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Basic Electricity 101



All this talk about solar electricity, solar panels for sale, energy conservation and so forth has got me thinking of the day I got strated on my journey on going green.

If you’re starting and you’re like me, I bet you have a ton of questions and you’re confused on what to do. The best place to start, in my case at least, was to take a look at my old notes on how electricity works.

Knowing the basics of electricity is similar to building a solid foundation for a building. Everything will eventually refer back to it, so setting up a good solid understanding of electricity is IMO fundamental to any future solar or energy projects.

What is Electricity?

electricitySo let’s get started. If you remember your physics or chemistry class, you know that matter is made up of atoms. And smaller still atoms are made up of protons, neutrons and electrons. If you’re thinking electricity got it’s name from electrons you would be right!

Electrons are not part of the nucleus of the atom and are tiny particles orbiting it. For some elements electrons stay within the atom and do not transfer to other atoms. These are called electrical insulators like wood, plastic, styrofoam and air. Anything that does not conduct electricity falls under this category.

Things that conduct electricity are mostly called metal. These are atoms wherein they have electrons that can freely move about and transfer from one atom to another. This movement of the atom transfers energy or electricity from one to the other.

Amperes (Amps) and Voltage (Volts)

Whenever you hear of electricity the terms amps and voltage readily comes to mind. In simpler terms, all you need to know about amperes is that it is the measure of how many electrons passes through a certain point at a given time. It is the rate of flow or current.

While voltage is the driving force or pressure between two points that pushes those number of electrons. A voltage of 50volts can be lethal.

What are Watts?

I didn’t forget watts. Watts is by definition a unit of measurement for energy conversion.

The formula for watts is:

1W = 1V x 1A = 1 joule of energy per second

To understand energy conversion and how it relates to wattage, lets take a look at a 100watt light bulb and a 50watt light bulb. A 100 watt light bulb needs 100 joules of energy per second to be powered up, while a 50 watt light bulb only needs 50 joules of energy per second.

Making practical use of all these

With the above simple formula you can measure any wattage of any electric consuming object. Take for example a lightbulb, if you live in a country that has 120 volt outlets like the US, you simply have to measure the current or amps that flows out of the outlet to the light bulb to determine the wattage of the light bulb. If the current measures up to be 0.5 amp, you got yourself a 0.5amp x 120volts = 60watt light bulb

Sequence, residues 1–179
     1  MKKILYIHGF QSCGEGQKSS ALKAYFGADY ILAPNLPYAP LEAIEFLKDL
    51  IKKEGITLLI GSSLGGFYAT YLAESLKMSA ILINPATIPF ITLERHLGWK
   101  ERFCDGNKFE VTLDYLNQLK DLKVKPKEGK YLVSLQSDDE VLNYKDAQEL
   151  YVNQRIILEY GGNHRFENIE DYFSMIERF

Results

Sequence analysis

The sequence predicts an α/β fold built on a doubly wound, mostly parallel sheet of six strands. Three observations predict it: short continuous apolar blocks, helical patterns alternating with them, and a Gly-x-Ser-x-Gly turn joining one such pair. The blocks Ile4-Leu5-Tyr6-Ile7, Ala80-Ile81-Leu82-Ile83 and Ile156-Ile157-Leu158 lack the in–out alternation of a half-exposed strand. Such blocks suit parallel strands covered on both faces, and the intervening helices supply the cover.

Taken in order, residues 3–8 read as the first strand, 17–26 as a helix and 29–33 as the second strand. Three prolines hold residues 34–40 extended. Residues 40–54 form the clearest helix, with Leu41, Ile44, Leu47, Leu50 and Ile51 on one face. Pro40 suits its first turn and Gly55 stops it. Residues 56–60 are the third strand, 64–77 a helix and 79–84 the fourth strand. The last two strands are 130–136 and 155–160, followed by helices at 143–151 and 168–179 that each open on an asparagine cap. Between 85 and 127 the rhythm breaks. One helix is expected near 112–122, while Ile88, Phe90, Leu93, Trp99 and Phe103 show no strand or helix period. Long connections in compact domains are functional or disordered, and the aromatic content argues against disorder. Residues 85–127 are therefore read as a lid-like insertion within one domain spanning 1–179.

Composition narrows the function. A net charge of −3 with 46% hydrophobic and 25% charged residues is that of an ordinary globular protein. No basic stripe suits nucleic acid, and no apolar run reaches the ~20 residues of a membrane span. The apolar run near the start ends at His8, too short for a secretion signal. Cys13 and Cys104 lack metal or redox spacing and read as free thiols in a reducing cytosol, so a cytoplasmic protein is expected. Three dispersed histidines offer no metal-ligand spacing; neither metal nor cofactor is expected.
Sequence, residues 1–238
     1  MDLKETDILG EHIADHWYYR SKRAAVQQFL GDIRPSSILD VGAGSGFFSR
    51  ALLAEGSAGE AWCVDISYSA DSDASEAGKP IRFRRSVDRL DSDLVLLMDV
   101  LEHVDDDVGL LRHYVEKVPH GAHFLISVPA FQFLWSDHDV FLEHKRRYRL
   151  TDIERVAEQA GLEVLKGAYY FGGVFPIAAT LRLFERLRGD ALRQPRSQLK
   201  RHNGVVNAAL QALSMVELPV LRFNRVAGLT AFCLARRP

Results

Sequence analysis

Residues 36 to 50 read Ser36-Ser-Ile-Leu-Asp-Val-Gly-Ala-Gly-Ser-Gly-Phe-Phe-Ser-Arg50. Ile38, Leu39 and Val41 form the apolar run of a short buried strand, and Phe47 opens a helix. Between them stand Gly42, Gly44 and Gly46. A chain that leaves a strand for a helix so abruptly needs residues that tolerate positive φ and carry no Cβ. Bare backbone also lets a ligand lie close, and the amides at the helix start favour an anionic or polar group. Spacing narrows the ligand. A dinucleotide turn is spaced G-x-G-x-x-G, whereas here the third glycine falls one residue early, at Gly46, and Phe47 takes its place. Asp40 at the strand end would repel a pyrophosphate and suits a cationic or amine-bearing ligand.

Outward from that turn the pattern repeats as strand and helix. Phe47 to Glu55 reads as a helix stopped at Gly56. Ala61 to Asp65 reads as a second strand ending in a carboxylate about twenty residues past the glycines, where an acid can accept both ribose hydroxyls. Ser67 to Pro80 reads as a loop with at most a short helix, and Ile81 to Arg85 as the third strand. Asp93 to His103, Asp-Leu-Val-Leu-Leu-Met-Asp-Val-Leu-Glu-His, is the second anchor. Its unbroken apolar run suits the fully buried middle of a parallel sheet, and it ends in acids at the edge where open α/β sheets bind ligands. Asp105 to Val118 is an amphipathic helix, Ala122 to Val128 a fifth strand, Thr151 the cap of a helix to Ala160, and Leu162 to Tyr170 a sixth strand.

Electric Circuits

electric-circuitWith some basic understanding of what electricity is or how it is generated, we now take a look at the application of electricity or making use of electricity. Since we know we electrons can move from one place to another, we can make use of this energy.

In order to make electrons move we simply need a negative terminal connected to the positive terminal. The electrons will move from the negative end to the positive end. And in between these two ends we can place an object like a light bulb, an ipod or an electric toothbrush and the electrons will pass by these and make it work… all just to get to the other side.

This is a simple diagram but it is the basics of every electric circuit there is. And one thing to keep in mind is that whatever you want the electrons to do, you can.

More Voltage, Current and Resistance

Moving on with our electricity basics, we have another term that we need to deal with, Resistance. If we analogize that the current is similar to the flowrate of water, voltage the pressure at which water is pushed from one point to another, resistance is the diameter of the pipeline the water if flowing in.


where I = current, V = voltage, r = resistance

With greater resistance, albeit a smaller pipeline the less the current will be. While the bigger the pipeline or the less the resistance, the more the current or flow of electricity will be.

Power and Kilowatt-hours

electric-meterIf you’re wondering how you get billed by power companies, this is it. Power companies charge not by the watts, but by the power we consume. Power is simply work over a certain time period.

So for electricity, power is Watt x Hours or 1000watts x hours to get kilowatts.

If you have a 1.5 kilowatt water heater and you leave it on for 1 hour, it will use up 1.5 kilowatt-hours. And if your power company charges you at 5 cents per kilowatt-hour you get billed 7.5cents for every hour you use that water heater.

So before I make this post any longer, this concludes the first part of electricity basics 101. Stay tune for the next post for some more electricity basics to get you started on the path to green living.

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